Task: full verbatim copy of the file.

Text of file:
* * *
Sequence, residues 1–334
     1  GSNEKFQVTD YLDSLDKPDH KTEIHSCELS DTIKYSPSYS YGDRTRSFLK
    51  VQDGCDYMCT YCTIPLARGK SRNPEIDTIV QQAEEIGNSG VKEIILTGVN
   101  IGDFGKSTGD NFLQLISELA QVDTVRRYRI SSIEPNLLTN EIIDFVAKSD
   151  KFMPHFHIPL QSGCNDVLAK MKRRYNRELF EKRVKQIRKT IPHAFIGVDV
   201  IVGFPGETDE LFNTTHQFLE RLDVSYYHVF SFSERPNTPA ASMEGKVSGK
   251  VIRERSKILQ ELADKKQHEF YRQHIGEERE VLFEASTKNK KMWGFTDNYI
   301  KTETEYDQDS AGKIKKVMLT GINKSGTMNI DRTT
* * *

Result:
Sequence, residues 1–334
     1  GSNEKFQVTD YLDSLDKPDH KTEIHSCELS DTIKYSPSYS YGDRTRSFLK
    51  VQDGCDYMCT YCTIPLARGK SRNPEIDTIV QQAEEIGNSG VKEIILTGVN
   101  IGDFGKSTGD NFLQLISELA QVDTVRRYRI SSIEPNLLTN EIIDFVAKSD
   151  KFMPHFHIPL QSGCNDVLAK MKRRYNRELF EKRVKQIRKT IPHAFIGVDV
   201  IVGFPGETDE LFNTTHQFLE RLDVSYYHVF SFSERPNTPA ASMEGKVSGK
   251  VIRERSKILQ ELADKKQHEF YRQHIGEERE VLFEASTKNK KMWGFTDNYI
   301  KTETEYDQDS AGKIKKVMLT GINKSGTMNI DRTT